End of the War

The British took Philadelphia and the Americans camped for the winter at Valley Forge. There they regrouped and received training by several skilled Europeans. They emerged from Valley Forge with new determination and a much improved army, militarily. Further, in 1778, France signed a treaty with the Americans, and began supplying supplies and naval assistance. The now strong Americans and the powerful French Navy clashed with the British at Yorktown. There the British surrendered and the Treaty of Paris was signed on September 3, 1783. The War was over and the United States of America was born.

After the War

Washington resigned as commander and retired to his estate at Mount Vernon. The new United States adopted the Articles of Confederation, but its founders realized the necessity to draft a new document as their Constitution. A convention was held and Washington presided and was very involved in the process. After much heated debate, on several occasions almost forcing the convention to be adjurned, the delegates ratified the United States Constitution. Washington was elected president of the United States on February 4, 1789. John Adams of Massachusetts was elected vice president. In April Washington took the oath of office in New York City, where the seat of government was still provisionally maintained. Washington supported adding a Bill of Rights to the original Constitution to specify the rights of individual citizens, but he opposed attempts to eliminate Congress's power to levy taxes and to regulate commerce with foreign nations and among the states. To Washington these provisions formed the basis of fiscal stability and solid national credit. He supported Alexander Hamilton's proposal for a national bank, and appointed Hamilton to his cabinet, along with Thomas Jefferson, Edmund Randolph and Henry Knox. Washington was very popular and served a second term in 1792.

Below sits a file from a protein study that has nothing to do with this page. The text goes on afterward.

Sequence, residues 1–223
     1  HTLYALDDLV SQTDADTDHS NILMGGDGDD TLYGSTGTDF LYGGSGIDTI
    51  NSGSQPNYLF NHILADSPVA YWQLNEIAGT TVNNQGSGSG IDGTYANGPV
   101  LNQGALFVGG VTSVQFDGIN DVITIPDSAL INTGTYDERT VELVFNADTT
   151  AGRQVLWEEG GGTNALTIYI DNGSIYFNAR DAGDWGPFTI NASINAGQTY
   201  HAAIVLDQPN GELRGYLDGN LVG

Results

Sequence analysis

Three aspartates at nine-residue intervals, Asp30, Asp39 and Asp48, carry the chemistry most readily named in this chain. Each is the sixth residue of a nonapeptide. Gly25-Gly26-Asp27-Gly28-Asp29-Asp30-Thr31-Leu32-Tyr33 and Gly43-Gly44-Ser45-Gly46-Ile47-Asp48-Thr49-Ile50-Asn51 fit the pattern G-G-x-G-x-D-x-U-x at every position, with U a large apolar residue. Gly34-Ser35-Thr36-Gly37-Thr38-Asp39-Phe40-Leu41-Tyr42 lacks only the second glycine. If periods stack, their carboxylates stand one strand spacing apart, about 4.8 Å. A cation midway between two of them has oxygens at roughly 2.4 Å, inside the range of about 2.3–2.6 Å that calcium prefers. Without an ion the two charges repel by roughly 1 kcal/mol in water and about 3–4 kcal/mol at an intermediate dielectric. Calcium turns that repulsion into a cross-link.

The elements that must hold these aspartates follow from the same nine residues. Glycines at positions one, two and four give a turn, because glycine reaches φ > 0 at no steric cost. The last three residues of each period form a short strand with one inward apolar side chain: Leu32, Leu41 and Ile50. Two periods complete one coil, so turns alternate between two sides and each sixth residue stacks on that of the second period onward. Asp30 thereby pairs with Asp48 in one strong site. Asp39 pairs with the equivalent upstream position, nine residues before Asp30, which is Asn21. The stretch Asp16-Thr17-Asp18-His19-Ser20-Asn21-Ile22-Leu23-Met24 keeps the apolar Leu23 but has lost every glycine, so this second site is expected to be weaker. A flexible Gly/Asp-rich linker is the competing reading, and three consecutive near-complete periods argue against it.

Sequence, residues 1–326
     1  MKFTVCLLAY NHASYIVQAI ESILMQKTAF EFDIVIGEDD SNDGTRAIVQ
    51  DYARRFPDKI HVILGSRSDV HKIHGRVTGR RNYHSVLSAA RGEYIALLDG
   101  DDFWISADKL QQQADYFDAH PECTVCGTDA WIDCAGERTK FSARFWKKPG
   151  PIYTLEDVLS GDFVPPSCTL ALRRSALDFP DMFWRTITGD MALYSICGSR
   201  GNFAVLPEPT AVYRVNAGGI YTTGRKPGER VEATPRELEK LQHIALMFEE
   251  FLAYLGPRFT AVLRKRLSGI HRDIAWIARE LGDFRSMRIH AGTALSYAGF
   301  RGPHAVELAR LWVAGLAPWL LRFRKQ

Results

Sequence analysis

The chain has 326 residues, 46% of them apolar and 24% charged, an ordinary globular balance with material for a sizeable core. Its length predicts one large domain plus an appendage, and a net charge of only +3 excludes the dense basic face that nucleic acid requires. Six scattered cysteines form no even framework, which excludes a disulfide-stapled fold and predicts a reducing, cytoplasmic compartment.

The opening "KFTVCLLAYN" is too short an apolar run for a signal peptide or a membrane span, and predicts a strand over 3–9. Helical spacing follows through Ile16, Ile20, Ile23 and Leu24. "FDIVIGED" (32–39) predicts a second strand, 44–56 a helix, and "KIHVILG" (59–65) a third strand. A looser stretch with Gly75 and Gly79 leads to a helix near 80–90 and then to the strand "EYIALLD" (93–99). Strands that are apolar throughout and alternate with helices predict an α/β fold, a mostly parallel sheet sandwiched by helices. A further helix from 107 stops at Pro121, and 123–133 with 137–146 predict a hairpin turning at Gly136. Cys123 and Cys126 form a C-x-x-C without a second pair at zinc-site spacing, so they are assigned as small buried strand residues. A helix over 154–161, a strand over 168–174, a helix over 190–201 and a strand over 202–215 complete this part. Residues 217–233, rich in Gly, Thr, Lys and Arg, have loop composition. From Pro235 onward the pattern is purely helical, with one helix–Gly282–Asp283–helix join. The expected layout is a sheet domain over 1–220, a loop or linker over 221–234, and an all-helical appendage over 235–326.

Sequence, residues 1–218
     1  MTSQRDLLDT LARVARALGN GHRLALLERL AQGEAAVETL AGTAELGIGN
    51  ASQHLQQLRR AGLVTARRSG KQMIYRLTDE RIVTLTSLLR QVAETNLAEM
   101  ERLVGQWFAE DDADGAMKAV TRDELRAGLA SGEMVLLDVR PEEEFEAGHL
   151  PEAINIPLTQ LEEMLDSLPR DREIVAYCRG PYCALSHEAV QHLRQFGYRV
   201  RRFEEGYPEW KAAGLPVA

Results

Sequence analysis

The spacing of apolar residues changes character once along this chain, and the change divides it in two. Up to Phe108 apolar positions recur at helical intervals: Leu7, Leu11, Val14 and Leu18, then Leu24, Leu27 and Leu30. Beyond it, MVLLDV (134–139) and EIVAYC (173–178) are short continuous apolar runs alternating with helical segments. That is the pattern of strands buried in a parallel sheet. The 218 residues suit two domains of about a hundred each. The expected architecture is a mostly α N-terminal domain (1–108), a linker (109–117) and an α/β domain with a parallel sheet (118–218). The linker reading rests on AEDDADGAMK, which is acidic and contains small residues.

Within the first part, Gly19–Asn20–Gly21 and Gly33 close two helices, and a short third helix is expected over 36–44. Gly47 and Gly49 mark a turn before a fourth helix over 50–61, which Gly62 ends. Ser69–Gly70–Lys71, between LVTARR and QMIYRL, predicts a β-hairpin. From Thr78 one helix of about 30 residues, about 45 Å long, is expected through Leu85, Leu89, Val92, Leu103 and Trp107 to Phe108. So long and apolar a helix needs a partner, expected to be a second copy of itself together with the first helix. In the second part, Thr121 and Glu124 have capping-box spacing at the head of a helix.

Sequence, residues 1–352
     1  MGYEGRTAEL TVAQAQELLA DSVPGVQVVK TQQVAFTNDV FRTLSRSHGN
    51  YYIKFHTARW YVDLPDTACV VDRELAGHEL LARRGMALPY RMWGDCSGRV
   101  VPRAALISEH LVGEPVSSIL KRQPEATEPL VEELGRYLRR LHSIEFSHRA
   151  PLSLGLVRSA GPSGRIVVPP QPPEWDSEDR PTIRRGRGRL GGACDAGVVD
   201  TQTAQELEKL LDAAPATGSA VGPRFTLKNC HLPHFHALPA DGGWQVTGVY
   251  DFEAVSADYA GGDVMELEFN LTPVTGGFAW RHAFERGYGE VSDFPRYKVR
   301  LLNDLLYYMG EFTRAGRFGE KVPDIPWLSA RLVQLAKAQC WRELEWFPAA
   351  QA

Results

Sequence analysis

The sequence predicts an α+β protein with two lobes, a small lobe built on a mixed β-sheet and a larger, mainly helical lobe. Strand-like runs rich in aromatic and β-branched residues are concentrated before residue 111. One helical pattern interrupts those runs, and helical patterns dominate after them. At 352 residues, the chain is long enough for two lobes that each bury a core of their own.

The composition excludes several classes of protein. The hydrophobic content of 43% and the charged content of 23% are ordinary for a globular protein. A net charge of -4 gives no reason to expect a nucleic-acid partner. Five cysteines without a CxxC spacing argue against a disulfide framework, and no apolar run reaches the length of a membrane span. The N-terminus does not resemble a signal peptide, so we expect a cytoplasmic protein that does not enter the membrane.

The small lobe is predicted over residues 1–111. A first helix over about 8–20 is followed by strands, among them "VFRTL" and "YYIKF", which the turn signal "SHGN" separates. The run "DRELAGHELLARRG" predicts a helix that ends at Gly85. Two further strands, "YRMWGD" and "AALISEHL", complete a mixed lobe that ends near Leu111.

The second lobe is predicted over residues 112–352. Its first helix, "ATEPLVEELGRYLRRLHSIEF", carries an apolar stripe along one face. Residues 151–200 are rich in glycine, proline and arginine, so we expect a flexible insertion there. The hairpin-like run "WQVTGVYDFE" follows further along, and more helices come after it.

The Germantown White House

In 1793, the Yellow Fever Epidemic struck hard in the capitol of Philadelphia. In November of that year, Washington and his cabinet removed to Germantown, which became the capitol until the epidemic was over. Washington stayed in the house of Colonel Franks, which became the Germantown White House. There he met with his cabinet and conducted business. Washington returned to Franks' House a year later and vacationed there with his wife.

Later Years

Washington decided to declare neutrality when France declared war on Britain, Spain and Netherlands. Edmund Randolph succeeded Jefferson as Secretary of State. The Whiskey Rebellion broke out in Western Pennsylvania, but was put down by New Jersey, Maryland, and Virginia militias. After this event, Washington saw the need for a standing army. Washington sent Chief Justice John Jay to make a treaty with Britiain, providing assurance against another war breaking out. In 1796, Washington declared that he would not serve a third term. He attended the inauguration of John Adams then retired to Mount Vernon. On December 14, 1799 Washington awoke with an enflamed throat. His condition worsened, despite the doctor's efforts, and Washington died at 11:00 that night.

Sources:
1. "Virtual Marching Tour of the American Revolution." USHistory.org (http://www.ushistory.org/march/).
2. "Washington, George." Encarta. Online Version (www.encarta.msn.com).